The Impact We Are Having
We want Trinity to be a ‘+1’ school. This means that we expect the average child leaving Trinity will achieve a grade higher in their public exams than would be expected if they were to attend a ‘national average’ school. However, as a new school we will not have any students taking GCSE or A-level exams until the summer of 2024 and 2026, respectively. How do we know if we are making good progress towards our ambitious aim?
As a school, we have bought into an assessment package that allows us to benchmark the performance of students against a national cohort in English, maths, science, reading and spelling. This package – provided by GL Assessment – allows us to compare our students against thousands of other students who have previously sat the same assessments. These tests measure outcomes as standardised age scores (SAS) – an age-sensitive measure with 100 representing the mean average across the national dataset. The assessment tool also provides an ‘indicative GCSE outcome’.
The table below shows the latest SAS and indicative GCSE grades for our Year 10 students (our oldest year group), compared to their first assessments when starting at Trinity.
The results suggest that our students are making, on average, significant progress across all three subjects, regardless of any disruption to learning as a result of the pandemic. Importantly, students from disadvantaged backgrounds, those with special educational needs, those with high and low prior attainment and those with English as an additional language typically make a similar level of progress despite being more at risk of falling behind during the disrupted years of education.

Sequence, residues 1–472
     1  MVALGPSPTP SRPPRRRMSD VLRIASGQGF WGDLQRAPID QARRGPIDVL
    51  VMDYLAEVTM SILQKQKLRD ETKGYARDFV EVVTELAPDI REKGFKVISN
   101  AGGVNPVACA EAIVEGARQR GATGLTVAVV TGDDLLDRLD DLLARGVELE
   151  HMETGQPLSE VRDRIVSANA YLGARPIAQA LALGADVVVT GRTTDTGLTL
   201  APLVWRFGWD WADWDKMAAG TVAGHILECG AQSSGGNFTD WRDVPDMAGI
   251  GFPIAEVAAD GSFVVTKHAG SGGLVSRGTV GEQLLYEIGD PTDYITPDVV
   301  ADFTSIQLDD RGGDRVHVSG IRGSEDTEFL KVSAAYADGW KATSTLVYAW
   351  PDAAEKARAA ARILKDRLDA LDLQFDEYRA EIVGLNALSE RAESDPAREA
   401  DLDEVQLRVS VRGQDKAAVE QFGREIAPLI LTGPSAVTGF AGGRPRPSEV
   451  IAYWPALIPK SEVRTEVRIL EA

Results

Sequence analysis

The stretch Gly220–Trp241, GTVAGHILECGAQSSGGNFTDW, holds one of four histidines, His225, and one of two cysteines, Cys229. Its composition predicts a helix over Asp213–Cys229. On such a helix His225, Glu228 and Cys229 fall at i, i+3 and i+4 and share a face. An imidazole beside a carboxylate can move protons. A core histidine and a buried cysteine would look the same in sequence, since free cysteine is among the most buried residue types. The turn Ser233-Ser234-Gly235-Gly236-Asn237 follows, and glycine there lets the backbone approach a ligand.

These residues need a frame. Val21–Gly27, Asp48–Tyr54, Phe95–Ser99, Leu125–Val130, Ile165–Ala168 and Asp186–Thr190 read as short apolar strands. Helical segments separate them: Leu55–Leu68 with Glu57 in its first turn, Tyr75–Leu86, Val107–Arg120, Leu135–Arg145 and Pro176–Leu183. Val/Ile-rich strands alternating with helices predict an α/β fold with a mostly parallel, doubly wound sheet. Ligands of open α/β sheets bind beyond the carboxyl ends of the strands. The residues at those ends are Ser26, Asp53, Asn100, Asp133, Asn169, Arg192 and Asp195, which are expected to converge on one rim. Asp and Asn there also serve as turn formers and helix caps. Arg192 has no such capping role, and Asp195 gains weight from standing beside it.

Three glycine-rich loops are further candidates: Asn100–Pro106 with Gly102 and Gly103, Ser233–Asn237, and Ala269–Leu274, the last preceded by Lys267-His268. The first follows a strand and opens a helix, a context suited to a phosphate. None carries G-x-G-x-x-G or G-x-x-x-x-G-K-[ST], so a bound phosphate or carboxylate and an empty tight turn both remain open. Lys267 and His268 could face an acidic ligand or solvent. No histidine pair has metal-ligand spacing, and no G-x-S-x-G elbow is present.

Reading and spelling tests are arguably a broader measure of academic progress over a wide range of subjects. The results of these tests measure the exposure to, and learning of, technical and disciplinary vocabulary and application in comprehension activities in a wide variety of contexts. Since starting at Trinity, our Year 10 students have improved in both spelling and reading despite the disruption to learning as a result of the pandemic.
We are therefore confident that students are making strong progress in all nationally benchmarked assessments – validating our approach to curriculum design and pedagogy. We are also cautiously optimistic that we are on track to achieve our ‘+1’ goal. The next nationally benchmarked assessments will be in February 2023 (for spelling and reading) and July 2023 (for English, maths and science).
Alongside external benchmarking, we also operate a highly structured internal assessment process. All subjects with a written component sit termly (Autumn, Spring and Summer) assessments in an Assessment Week. To allow for valid comparisons, students sit the same assessments at the same time. Student performance of individuals and groups of students is then carefully monitored. The school holds a half day INSET after each Assessment Week to give staff the time to look at what students know and don’t know and to alter curriculum plans accordingly. From this system, we have evidence to suggest that our most vulnerable groups of students – such those from disadvantaged backgrounds, those with English as an additional language and those with SEND – are at least keeping pace with their peers and, in some cases, are making greater progress.